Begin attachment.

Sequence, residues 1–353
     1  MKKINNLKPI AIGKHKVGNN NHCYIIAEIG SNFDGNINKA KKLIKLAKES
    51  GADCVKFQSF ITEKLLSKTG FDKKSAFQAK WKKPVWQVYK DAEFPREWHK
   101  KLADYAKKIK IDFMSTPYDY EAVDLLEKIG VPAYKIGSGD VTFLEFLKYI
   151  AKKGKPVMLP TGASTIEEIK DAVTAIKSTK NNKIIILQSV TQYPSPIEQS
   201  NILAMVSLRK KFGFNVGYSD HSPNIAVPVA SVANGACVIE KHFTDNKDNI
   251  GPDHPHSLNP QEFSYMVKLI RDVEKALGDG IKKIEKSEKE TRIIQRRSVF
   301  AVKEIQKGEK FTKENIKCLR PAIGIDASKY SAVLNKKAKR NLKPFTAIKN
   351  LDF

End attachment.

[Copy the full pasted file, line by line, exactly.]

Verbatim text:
Sequence, residues 1–353
     1  MKKINNLKPI AIGKHKVGNN NHCYIIAEIG SNFDGNINKA KKLIKLAKES
    51  GADCVKFQSF ITEKLLSKTG FDKKSAFQAK WKKPVWQVYK DAEFPREWHK
   101  KLADYAKKIK IDFMSTPYDY EAVDLLEKIG VPAYKIGSGD VTFLEFLKYI
   151  AKKGKPVMLP TGASTIEEIK DAVTAIKSTK NNKIIILQSV TQYPSPIEQS
   201  NILAMVSLRK KFGFNVGYSD HSPNIAVPVA SVANGACVIE KHFTDNKDNI
   251  GPDHPHSLNP QEFSYMVKLI RDVEKALGDG IKKIEKSEKE TRIIQRRSVF
   301  AVKEIQKGEK FTKENIKCLR PAIGIDASKY SAVLNKKAKR NLKPFTAIKN
   351  LDF